Anderson approached Julianne Moore at a party. "I want you to be in my movie,'' she remembers him saying to her directly. "I shrugged and thought, OK. And then I was blown away," she says, both by the script and the part he had written for her -- Amber Waves, the sexy earth-mother porn star.
"When somebody is able to write with so much spareness and purity, I have the sense that they have an understanding of character and story and will be able to direct that way."
William H. Macy, who plays the cuckolded husband, was won over by the script -- "exciting, funny and dangerous." And when he met Anderson at the Formosa Cafe in Hollywood, "I fell for him hook, line and sinker," remembers Macy, Oscar-nominated for Fargo. "He was honest and candid. I knew instantly after five minutes that he knew exactly what kind of film he wanted to make."
And what films would Anderson insist any aspiring filmmaker study? Shoot the Piano Player, Melvin and Howard, Putney-Swope, The Merry Widow, They Shoot Horses, Don't They? and Nashville.
"But I wish people's film vocabularies would go back further than three or four years ago,'' laments the writer-director, who says he has been strongly influenced by early directors such as The Reckless Moment's Max Ophuls ("Talk about camera movement and long tracking shots!") and The Shop Around the Corner's Ernst Lubitsch. ("His movies spiral out of control, but the characters are always saying exactly what you think you would say in the situation.")
Critics compare his long opening tracking shot in Boogie Nights -- the camera pans the neon sign of the disco, then moves down into the club and through the crowd -- to Altman's Nashville and Scorsese' s GoodFellas.
"It's Julien Temple's Absolute Beginners," says Anderson, who saw it when he was 15. "And it's not even all one shot, though it's supposed to appear as if it's one shot. It just opened up the movie with this sort of wonderful bang. It just blew me away."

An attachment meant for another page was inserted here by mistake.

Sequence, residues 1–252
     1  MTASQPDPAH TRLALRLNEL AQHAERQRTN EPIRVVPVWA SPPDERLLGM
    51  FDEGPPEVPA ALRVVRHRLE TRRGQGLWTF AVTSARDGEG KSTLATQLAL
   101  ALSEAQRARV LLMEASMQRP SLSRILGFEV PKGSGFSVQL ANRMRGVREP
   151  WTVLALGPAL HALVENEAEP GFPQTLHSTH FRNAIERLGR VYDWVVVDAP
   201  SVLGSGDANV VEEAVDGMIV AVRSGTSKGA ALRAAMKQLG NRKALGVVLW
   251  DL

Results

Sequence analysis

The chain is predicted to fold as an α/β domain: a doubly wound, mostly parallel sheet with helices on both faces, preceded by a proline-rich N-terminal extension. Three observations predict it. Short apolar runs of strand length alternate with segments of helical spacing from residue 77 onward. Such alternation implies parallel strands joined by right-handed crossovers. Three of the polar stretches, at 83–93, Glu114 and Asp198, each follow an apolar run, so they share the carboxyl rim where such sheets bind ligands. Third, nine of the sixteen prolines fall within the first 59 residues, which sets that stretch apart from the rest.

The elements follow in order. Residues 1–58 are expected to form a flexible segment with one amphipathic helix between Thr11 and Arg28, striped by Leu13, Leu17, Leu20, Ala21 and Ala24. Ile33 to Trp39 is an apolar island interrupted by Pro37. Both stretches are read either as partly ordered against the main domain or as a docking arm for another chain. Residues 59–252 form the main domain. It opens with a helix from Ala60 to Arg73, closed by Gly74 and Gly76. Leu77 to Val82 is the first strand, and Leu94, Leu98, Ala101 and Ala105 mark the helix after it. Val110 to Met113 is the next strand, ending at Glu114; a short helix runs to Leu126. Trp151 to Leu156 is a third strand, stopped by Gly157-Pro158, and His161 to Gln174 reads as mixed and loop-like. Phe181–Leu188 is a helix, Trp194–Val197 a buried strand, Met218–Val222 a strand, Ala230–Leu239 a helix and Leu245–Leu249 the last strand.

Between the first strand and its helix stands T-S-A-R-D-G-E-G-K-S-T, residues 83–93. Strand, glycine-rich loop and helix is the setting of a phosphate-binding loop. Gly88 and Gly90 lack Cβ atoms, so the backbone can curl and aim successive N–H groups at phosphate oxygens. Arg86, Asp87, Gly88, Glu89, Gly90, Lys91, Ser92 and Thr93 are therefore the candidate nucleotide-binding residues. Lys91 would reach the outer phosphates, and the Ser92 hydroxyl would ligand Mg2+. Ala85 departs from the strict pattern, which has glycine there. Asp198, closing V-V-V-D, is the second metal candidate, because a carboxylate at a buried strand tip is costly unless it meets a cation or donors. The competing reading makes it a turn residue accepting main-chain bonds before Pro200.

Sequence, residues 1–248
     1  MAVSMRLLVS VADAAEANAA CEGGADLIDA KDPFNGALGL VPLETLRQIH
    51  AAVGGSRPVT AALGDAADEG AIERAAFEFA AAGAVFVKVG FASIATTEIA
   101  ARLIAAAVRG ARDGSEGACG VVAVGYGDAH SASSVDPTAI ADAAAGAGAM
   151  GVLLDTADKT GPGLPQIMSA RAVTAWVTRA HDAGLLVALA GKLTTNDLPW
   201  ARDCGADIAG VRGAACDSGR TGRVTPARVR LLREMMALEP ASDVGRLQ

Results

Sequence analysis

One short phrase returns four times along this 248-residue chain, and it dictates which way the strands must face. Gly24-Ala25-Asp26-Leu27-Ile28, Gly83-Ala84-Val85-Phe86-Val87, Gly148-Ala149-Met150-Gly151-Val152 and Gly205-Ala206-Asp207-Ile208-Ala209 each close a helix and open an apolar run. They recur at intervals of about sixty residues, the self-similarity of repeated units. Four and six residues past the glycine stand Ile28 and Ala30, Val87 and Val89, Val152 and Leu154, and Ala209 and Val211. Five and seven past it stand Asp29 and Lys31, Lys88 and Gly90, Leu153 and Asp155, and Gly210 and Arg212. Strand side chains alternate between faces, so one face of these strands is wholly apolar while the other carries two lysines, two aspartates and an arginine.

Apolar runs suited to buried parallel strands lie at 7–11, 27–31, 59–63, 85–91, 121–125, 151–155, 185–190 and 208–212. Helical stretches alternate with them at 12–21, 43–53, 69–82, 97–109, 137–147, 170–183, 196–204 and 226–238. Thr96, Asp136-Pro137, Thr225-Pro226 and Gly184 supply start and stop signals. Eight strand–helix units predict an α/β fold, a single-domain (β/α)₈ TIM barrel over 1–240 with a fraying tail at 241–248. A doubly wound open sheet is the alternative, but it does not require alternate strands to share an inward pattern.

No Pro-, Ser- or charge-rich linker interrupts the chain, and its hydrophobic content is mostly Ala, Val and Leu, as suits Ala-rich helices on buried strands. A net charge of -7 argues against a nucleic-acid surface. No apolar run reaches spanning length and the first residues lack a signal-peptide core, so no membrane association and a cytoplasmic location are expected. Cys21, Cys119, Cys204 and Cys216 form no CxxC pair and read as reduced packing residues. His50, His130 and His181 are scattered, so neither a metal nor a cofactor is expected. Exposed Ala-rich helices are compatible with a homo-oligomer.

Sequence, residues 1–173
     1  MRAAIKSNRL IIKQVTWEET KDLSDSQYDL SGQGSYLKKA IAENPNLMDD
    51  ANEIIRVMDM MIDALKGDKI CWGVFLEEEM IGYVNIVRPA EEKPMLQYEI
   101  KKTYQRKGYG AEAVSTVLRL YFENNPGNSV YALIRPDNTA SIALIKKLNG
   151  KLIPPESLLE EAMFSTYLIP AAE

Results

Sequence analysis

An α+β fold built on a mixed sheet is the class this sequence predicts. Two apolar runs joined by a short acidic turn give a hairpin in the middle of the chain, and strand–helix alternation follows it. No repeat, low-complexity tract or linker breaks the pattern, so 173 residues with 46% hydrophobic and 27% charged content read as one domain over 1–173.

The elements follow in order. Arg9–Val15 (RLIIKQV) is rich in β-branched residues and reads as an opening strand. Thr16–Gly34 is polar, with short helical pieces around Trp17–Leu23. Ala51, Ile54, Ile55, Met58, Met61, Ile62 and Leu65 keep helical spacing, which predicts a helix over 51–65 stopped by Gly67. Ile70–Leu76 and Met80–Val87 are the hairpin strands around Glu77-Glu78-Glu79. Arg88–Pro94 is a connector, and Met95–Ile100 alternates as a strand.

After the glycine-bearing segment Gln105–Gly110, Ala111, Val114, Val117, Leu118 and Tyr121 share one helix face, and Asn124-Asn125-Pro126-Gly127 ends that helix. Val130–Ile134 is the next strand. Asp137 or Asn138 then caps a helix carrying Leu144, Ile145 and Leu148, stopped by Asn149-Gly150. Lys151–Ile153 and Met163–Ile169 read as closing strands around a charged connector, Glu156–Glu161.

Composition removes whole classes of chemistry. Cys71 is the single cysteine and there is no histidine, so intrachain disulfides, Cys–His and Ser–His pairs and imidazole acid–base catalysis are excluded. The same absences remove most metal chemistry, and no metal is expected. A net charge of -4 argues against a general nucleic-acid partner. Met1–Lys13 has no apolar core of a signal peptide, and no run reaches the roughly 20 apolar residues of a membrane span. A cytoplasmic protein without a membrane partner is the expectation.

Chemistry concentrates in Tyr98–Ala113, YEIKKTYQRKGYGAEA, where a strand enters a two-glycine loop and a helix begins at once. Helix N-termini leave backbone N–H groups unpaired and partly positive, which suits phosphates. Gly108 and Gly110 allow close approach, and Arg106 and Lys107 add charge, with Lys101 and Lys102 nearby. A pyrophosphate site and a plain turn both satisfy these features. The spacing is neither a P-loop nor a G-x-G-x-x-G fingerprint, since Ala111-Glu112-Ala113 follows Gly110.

But his scene, he says, is also influenced by Altman rhythms like the traffic jam sequence in Nashville and the off-handed character introductions in Shortcuts.
"Altman has this sort of selfish pacing. That traffic jam goes on forever, and has its own rhythm that has nothing to do with movie rhythm. He is clearly making himself happy first. And in Shortcuts, the introductions are just sort of accidental rather than movie introductions. You wouldn't be sure if you were looking at an extra or at a featured player."
Anderson then describes the opening of Boogie Nights. "You meet eight characters in the course of three minutes. With one word, with throwaways, they're all involved in this party. And you don't know at first, `Wait a minute, is that an extra, or what's going on?'
"We pass Don, Buck, Becky, Reed and Maurice's interaction with them," says Anderson, his hands punctuating the action. "It's this blurry, 'Hi, how are you,' and there's disco music, and you can't really hear what they're saying, and it doesn't really matter. It's sort of passing them all in the vibes of that disco."
But his favorite director is Jonathan Demme (The Silence of the Lambs, Philadelphia), whom he describes as "totally fearless. He'd rather have you confused for two minutes than ahead of him for 10 seconds," Anderson says.
Fearless is also a word that could be applied to Anderson, who careens from extended moments of silence to ferocious expletives in Boogie Nights, which involves pornography, drugs, prostitution and child abandonment -- not to mention full-frontal male nudity.
"Paul is the real deal, an original way of looking at things. He is the future of the business,'' says Macy. "He tells stories that are true to him irrespective of how it might be perceived by the public. He doesn't try to please anybody but himself. He sticks to his guns."